The Twelfth Century Chasuble of Saint-Yves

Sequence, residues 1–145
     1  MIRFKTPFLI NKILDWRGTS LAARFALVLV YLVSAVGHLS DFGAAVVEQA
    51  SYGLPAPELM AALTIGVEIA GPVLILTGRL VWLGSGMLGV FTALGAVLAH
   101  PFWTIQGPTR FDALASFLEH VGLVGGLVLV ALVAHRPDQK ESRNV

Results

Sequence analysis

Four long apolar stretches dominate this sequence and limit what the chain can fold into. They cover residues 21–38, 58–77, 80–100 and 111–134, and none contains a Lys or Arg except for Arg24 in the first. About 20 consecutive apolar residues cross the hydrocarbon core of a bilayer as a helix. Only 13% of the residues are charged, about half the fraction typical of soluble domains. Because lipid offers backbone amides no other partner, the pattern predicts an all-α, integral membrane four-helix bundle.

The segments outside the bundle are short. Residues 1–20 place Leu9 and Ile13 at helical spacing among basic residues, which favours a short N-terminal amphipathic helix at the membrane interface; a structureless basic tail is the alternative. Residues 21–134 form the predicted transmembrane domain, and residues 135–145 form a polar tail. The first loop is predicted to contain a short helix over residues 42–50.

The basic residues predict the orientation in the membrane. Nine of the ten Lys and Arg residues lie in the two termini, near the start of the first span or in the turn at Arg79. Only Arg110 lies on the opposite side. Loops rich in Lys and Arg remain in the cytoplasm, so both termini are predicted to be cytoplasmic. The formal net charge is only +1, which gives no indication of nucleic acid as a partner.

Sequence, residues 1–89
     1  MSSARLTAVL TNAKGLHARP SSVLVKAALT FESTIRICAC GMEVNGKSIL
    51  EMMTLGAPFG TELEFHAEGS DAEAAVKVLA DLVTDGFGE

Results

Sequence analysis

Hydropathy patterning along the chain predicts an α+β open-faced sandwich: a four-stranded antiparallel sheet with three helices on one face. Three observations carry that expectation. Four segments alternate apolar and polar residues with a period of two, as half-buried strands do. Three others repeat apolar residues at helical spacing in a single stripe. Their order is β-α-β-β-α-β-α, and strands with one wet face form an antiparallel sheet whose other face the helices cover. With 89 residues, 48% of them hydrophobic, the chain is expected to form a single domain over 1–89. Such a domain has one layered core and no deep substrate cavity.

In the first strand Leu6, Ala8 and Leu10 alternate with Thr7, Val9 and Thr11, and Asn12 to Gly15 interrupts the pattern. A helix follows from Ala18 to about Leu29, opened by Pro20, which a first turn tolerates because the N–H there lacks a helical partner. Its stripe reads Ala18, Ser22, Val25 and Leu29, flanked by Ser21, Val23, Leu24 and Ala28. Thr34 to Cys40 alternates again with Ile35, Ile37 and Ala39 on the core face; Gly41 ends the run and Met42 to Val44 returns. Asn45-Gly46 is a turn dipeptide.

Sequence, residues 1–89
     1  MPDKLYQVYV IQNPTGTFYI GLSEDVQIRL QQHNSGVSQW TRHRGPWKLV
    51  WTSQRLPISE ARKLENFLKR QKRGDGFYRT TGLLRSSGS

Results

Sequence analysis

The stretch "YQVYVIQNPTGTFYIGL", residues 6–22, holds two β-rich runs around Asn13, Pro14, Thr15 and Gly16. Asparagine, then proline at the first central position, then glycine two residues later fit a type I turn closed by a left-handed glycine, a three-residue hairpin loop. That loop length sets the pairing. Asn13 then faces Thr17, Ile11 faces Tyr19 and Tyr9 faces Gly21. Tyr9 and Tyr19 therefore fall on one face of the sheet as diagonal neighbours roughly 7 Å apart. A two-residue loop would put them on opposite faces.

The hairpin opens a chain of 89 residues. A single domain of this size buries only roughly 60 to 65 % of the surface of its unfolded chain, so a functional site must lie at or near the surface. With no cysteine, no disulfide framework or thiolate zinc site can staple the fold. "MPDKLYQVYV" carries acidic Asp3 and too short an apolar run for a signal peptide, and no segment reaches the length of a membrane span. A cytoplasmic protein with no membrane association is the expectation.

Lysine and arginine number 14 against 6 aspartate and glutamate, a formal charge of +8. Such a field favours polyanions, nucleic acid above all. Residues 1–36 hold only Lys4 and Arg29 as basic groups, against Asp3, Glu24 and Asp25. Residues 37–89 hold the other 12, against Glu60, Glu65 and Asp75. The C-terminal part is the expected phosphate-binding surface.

Very few intact vestments from the medieval era remain, but one of a handful which can still be found is the so called chasuble of Saint-Yves, so named because it is found in the French church of St. Yves de Louannec. An interesting design feature of the chasuble is the slit at the neck, something that I have seen in another medieval chasuble. As for the fabric itself, it is a purple and gold twill fabric that is decorated with gryphons -- a mythological creature that is thought to have originated in the second century B.C. and which was a popular decorative motif in Asia, the Middle East and the Mediterranean regions. It provides a good example, yet again, of the fact that strictly 'ecclesiastical' fabrics were by no means normative through most of history. This particular work is thought to have originated within Sicily in the Hispano-Moorish workshops. Based on the images of the chasuble, it likely represents one of the truncations of the fuller conical form of the chasuble, slightly shortened at the arms, rising to around the point of the knees. The chasuble is dated to the twelfth century. 

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